Clausewitz on Small War
Christopher Daase and James W. Davis
Oxford University Press, 2015
Amongst Clausewitz scholars there is an oft-quipped phrase that Clausewitz is “more often cited than read” (p. 3) — a barb aimed at those who have tended to use Clausewitz as a form of shortcut for large, inter-state, regular wars fought for clear political ends. This interpretation has tended to stem from a loose understanding of Clausewitz most celebrated and famous work On War, which remains one of the greatest theories of war and its conduct for nearly 200 years. However, Clausewitz wrote far more than only On War. Despite the eminent German military historian Werner Halweg editing and publishing a vast collection of these works, very little has ever been translated into English, thus remaining inaccessible to non-German speakers. Christopher Daase and James W Davis in presenting Clausewitz on Small War offer an initial attempt to redress this lack of scholarship. The intention of the editors, in selecting these works on Small War is to dispel the notion that asymmetric warfare and small-scale wars are recent developments in the history of warfare. Rather, as Clausewitz argues, such conflicts have long been an aspect of warfare and that Clausewitz’s analyses still bear some relevance today.
The collection is based on what the editors consider to be the most important writings on “Small War”, to date there are no other English translations available. The editors have translated the four texts themselves, mindful of the difficulties and controversies that have stalked English translations of Clausewitz’s works (especially the 1908 and 1974 translations of On War). The editors sought to present a readable translation from the early nineteenth century German and have made notations where key phrases or words could not be simply translated. As to the overall quality of the translations, that is a question best left to those familiar with the original German texts. The volume comprises and Introductory Essay by James W Davis and four texts from Clausewitz: “My Lectures on Small War, held at the War College in 1810 and 1811”; “Bekenntnisdenkschrift” (Testimonial); “On the political advantages and disadvantages of the of the Prussian institution of the Landwehr“; and a chapter from On War, “Volksbewaffnung” (The arming of the people).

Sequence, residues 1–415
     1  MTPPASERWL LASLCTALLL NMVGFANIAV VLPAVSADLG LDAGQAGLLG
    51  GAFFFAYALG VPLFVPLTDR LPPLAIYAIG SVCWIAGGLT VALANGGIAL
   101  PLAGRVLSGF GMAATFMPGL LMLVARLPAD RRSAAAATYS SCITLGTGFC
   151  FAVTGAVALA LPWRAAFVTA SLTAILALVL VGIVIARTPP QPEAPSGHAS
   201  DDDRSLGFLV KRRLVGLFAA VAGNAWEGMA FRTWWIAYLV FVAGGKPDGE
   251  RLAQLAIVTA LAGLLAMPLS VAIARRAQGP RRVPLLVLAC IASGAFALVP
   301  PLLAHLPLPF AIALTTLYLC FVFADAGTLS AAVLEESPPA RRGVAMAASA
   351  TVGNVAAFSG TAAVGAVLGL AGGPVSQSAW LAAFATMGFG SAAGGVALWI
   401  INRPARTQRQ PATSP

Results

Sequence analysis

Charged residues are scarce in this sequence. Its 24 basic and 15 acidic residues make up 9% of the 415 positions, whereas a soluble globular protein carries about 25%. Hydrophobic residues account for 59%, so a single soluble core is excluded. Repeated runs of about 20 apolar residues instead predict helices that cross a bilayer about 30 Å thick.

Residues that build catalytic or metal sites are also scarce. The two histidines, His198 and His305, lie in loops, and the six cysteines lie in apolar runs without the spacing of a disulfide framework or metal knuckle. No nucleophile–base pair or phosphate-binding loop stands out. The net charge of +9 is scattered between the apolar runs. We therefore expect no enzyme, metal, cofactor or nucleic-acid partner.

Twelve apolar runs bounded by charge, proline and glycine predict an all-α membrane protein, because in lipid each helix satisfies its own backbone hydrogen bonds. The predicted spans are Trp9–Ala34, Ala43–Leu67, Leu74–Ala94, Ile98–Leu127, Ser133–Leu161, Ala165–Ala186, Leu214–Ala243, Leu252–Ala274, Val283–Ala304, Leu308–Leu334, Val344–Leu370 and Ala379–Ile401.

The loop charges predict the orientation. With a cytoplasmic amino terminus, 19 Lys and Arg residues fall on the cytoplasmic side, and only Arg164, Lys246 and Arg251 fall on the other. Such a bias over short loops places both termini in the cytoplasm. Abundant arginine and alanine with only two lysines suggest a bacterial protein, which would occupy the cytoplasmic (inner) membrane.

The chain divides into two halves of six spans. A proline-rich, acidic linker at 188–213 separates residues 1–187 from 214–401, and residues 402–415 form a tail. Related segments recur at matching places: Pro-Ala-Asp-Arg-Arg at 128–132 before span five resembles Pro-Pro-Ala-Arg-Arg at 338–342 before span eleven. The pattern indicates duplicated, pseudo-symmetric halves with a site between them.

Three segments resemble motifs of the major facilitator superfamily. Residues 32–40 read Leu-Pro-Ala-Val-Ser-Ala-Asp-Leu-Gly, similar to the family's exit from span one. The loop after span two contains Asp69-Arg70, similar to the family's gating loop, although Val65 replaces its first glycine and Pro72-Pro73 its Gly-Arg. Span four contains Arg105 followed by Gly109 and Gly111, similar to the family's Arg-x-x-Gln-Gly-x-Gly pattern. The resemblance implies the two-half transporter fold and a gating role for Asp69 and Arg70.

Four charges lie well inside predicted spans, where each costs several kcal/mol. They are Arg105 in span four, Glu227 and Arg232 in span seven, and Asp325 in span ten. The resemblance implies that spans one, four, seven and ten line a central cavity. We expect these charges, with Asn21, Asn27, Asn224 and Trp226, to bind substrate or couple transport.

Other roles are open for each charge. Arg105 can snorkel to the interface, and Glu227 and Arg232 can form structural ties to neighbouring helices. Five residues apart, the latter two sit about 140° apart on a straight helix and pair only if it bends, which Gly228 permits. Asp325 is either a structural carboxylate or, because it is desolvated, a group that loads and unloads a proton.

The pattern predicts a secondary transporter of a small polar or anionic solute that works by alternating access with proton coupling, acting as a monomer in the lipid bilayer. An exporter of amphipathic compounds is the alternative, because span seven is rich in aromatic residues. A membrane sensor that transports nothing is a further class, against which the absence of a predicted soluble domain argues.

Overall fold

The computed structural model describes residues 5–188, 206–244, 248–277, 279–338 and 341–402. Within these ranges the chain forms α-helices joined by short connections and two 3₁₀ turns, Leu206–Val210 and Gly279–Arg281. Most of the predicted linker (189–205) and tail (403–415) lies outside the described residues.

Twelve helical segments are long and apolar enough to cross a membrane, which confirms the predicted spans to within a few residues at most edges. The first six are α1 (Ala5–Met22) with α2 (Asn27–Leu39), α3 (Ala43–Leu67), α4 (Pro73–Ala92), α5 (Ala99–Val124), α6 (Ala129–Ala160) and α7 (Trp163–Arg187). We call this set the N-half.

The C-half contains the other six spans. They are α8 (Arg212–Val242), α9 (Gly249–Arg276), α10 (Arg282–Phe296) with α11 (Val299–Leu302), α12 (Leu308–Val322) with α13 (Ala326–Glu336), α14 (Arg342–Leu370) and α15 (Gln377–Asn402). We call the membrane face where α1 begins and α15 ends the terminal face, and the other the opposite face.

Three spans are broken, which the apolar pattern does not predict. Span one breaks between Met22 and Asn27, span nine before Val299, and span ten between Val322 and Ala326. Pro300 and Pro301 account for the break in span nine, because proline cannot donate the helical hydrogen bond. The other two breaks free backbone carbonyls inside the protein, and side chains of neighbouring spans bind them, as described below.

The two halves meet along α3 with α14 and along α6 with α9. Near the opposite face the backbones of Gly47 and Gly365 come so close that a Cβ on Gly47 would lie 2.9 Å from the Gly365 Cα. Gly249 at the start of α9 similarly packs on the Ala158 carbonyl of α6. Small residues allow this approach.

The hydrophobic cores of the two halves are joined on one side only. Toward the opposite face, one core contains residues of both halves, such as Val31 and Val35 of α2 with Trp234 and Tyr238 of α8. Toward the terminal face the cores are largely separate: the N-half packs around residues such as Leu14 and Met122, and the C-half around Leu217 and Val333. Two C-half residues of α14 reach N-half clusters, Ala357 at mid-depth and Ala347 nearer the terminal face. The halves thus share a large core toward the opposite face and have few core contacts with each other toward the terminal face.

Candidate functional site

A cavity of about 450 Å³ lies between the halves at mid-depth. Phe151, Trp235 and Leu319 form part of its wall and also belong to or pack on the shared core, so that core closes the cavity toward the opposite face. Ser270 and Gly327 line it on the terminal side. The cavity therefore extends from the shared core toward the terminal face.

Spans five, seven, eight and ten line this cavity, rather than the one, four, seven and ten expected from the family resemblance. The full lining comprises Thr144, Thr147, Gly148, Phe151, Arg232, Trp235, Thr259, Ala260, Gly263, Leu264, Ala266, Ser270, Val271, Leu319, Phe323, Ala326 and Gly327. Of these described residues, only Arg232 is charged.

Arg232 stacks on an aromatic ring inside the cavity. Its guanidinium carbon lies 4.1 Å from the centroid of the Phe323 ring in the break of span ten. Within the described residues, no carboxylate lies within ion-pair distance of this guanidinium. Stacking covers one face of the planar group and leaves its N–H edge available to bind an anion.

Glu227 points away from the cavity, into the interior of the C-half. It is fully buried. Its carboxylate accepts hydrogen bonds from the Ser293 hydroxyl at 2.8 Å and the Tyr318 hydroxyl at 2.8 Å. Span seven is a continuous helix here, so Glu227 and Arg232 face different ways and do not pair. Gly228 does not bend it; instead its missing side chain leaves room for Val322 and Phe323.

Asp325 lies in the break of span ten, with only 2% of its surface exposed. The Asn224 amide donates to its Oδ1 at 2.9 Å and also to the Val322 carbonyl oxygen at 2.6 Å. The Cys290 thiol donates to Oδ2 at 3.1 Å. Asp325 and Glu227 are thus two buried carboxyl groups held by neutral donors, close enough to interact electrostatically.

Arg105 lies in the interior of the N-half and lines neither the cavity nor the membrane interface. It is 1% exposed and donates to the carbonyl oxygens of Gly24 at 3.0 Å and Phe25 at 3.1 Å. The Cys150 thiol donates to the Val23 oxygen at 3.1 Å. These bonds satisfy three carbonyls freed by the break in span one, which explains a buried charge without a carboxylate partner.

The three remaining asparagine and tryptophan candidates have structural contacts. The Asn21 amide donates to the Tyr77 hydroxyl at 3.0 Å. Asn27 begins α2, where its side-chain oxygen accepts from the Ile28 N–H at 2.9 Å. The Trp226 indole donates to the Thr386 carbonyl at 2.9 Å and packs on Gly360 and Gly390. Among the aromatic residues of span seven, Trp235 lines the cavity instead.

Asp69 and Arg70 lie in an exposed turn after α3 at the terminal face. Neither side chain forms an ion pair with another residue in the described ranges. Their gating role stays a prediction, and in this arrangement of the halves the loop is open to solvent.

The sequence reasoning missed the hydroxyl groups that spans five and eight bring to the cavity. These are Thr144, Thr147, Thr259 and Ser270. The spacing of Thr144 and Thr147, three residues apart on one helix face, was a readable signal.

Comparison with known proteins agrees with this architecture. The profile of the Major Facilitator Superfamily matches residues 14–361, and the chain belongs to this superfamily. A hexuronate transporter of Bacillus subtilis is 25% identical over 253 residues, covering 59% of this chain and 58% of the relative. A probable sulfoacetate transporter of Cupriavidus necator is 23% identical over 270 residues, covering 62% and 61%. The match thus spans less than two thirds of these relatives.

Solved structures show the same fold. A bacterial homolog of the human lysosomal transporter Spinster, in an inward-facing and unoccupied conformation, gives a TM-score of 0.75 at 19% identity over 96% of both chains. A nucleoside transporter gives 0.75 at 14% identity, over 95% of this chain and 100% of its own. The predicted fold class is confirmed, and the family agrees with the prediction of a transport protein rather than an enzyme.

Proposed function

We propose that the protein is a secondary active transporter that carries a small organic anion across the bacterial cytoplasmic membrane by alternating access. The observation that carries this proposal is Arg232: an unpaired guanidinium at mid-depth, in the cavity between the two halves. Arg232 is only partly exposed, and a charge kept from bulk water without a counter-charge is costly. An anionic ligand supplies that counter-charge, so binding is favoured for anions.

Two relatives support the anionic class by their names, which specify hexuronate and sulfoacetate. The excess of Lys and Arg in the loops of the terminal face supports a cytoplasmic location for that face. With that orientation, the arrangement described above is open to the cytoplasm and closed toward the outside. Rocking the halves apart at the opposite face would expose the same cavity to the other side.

In Chapter 1, James W Davis presents the context of Clausewitz’s work on Small War, detailing the history of interpretation (and misinterpretation) of Clausewitz’s work over nearly 200 years. Davis attends to the debates in the literature over notions of pre- and post-Clausewitzian warfare, as argued by van Creveld, Keegan, Kaldor and others. With this collection of works, the editors demonstrate that Small War still concurs with Clausewitz’s broader theoretical framework espoused in On War.
The first collected works, “My Lectures on Small War”, presents a series of lectures delivered by Clausewitz during his time at the Prussian War College in Berlin between 1810 and 1811. Clausewitz draws upon examples of the rebellion in the Vendée (1793-8), the Tyrolean uprising (1809) and the then current Spanish insurrection in the Peninsular War against Napoleon, as well as some experiences of German units and commanders serving on the side of the British in the American Revolutionary War (1775-1783). Through these examples, Clausewitz examines small unit warfare, detailing tactics and strategies within a broader context of a theory of Small War, which he defines as “the use of small units in the field. Battles of 20, 50, 100, 300 or 400 soldiers, as long as they are not part of a larger battle” (p. 21).